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Webhook Requests & Responses [Deprecated]

On this page

  • Overview
  • Request Validation Methods
  • Payload Signature Verification
  • Secret as a Query Parameter
  • Webhook Response Object


Third Party Services & Push Notifications Deprecation

Third party services and push notifications in App Services have been deprecated in favor of creating HTTP endpoints that use external dependencies in functions.

Webhooks have been renamed to HTTPS Endpoints with no change in behavior. You should migrate existing Webhooks.

Existing services will continue to work until November 1, 2024.

Because third party services and push notifications are now deprecated, they have been removed by default from the App Services UI. If you need to manage an existing third party service or push notification, you can add the configurations back to the UI by doing the following:

  • In the left navigation, under the Manage section, click App Settings.

  • Enable the toggle switch next to Temporarily Re-Enable 3rd Party Services, and then save your changes.

Depending on the service, incoming webhooks offer several ways to validate requests and customize the response that Atlas App Services sends back to the external service.

To validate that a webhook request is coming from a trusted source, some external services require that incoming requests incorporate a secret string in one of several prescribed manners. Other services, like the HTTP service, allow you to optionally require request validation.

There are two type of Request Validation for webhooks: Payload Signature Verification and Secret as a Query Parameter.

HTTP/1.1 or greater is required when making requests.


For maximum security, programmatically generate the secret string using a secure package such as the Python secrets module. Make sure that you do not publish the secret or include it in your version control system.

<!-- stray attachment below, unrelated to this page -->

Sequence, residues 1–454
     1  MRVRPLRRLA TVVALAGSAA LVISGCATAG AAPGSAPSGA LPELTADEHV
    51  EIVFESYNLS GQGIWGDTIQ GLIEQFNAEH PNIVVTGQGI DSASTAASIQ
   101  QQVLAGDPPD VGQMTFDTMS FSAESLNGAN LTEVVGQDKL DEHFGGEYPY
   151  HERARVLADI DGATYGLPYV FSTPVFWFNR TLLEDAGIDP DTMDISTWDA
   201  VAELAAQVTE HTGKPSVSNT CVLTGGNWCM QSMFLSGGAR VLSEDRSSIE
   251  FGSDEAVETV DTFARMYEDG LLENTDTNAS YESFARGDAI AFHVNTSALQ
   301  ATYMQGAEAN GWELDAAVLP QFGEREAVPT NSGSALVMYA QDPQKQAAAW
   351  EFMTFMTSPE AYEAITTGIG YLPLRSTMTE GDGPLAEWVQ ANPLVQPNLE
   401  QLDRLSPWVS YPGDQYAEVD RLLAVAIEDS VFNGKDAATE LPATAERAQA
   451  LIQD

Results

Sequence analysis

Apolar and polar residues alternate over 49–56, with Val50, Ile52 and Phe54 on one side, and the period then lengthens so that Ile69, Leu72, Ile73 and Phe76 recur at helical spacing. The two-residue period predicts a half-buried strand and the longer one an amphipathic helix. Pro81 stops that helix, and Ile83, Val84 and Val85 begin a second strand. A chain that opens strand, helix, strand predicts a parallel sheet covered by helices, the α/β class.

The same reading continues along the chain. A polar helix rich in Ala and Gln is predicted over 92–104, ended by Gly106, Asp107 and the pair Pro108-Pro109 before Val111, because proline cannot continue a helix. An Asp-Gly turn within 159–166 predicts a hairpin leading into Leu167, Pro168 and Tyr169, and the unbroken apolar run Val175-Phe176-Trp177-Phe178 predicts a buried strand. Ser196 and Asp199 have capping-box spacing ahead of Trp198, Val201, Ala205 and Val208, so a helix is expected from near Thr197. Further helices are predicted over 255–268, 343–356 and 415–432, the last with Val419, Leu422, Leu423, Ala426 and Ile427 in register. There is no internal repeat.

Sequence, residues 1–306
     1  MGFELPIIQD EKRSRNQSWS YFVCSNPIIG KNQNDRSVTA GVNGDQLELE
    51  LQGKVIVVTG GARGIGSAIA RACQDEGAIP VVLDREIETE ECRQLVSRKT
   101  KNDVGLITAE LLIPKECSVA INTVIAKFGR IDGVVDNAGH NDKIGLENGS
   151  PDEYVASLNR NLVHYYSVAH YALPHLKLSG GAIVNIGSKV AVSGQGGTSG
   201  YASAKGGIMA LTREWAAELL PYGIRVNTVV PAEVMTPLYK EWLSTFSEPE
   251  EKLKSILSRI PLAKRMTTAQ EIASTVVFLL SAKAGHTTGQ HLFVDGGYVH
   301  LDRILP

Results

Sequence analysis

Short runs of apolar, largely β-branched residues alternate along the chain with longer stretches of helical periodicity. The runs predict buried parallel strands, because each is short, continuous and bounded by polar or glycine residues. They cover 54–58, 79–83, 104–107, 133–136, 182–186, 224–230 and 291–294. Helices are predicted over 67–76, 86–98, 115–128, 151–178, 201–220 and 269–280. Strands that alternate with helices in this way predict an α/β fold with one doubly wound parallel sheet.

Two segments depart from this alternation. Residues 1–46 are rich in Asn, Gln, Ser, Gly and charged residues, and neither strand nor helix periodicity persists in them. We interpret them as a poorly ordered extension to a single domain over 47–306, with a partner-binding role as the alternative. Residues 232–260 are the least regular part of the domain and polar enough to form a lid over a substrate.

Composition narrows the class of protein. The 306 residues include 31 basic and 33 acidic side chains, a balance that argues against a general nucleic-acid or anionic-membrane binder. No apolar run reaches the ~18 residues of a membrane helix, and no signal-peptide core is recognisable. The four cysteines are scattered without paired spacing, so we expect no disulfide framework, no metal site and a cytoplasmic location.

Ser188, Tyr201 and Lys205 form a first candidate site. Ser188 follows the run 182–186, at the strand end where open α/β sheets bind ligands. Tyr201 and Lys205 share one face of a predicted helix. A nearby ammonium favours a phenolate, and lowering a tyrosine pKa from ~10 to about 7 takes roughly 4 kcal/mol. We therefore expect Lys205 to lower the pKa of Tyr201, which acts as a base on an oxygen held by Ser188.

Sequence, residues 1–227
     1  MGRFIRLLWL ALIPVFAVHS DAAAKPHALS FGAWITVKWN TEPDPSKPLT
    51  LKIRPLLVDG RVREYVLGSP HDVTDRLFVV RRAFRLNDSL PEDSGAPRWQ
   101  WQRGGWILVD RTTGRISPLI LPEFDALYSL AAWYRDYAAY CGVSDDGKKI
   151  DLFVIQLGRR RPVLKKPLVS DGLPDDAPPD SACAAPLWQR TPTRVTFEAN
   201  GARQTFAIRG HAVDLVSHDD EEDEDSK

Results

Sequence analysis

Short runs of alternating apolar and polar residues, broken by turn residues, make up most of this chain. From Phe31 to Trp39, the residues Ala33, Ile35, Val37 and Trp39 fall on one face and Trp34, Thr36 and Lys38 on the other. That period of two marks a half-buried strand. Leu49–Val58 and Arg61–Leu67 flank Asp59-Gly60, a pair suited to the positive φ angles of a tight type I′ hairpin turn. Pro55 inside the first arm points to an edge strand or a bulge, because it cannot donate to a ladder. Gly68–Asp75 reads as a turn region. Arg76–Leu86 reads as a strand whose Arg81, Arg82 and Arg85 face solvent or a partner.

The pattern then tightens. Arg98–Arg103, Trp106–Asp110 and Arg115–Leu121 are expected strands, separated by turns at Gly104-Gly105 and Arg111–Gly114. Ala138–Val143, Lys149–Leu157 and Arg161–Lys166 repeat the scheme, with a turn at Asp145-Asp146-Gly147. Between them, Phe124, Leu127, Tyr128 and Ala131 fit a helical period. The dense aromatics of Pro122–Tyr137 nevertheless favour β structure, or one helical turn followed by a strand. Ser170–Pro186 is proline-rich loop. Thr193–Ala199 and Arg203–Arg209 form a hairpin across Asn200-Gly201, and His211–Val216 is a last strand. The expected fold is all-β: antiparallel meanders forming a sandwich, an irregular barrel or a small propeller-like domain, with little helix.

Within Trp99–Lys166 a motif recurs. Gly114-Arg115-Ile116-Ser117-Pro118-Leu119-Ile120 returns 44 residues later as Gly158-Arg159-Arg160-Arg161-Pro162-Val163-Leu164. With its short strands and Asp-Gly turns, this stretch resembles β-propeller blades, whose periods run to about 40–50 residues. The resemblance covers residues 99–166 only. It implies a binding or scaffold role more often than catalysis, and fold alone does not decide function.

The Verify Payload Signature request validation option requires that incoming requests include a hexadecimal-encoded HMAC SHA-256 hash generated from the request body and secret string in the X-Hook-Signature header.


Consider the following webhook request body and secret:

const body = { "message":"MESSAGE" }
const secret = 12345

The following Atlas Function generates the hash for this body and secret:

// Generate an HMAC request signature
exports = function(secret, body) {
// secret = the secret validation string
// body = the webhook request body
return utils.crypto.hmac(EJSON.stringify(body), secret, "sha256", "hex");
// Returns: "828ee180512eaf8a6229eda7eea72323f68e9c0f0093b11a578b0544c5777862"

The hash value must be assigned to the X-Hook-Signature HTTP request header on every request:


To test that the request was properly signed, we could run the following curl command:

curl -X POST \
-H "Content-Type: application/json" \
-H "X-Hook-Signature:sha256=828ee180512eaf8a6229eda7eea72323f68e9c0f0093b11a578b0544c5777862" \
-d '{"message":"MESSAGE"}' \
<webhook URL>

The Require Secret as Query Param request validation option requires that incoming requests include the specified secret string as a query parameter appended to the end of the URL.


Consider a webhook configured to use a secret value of 12345. All requests must be made to the webhook URL appended with the secret as a query parameter:

<webhook URL>?secret=12345

To test that requests to this URL are properly verified, we could run the following curl command:

curl -H "Content-Type: application/json" \
-d '{ "message": "HELLO" }' \
-X POST '<webhook URL>?secret=12345'

App Services automatically passes a response object that represents the webhook's HTTP response as the second argument to webhook Function. The following table lists the available methods for modifying the response object:

code integer

Set the HTTP response status code.


body string or BSON.Binary

Set the HTTP response body.

If body is a string, it will be encoded to BSON.Binary before being returned.


"{'message': 'Hello, World!'}"
setHeader(name, value)
name string
value string

Set the HTTP response header specified by name to the value passed in the value argument. This overrides any other values that may have already been assigned to that header.


addHeader(name, value)
name string
value string

Set the HTTP response header specified by name to the value passed in the value argument. Unlike setHeader, this does not override other values that have already been assigned to the header.


← Call a Service Action [Deprecated]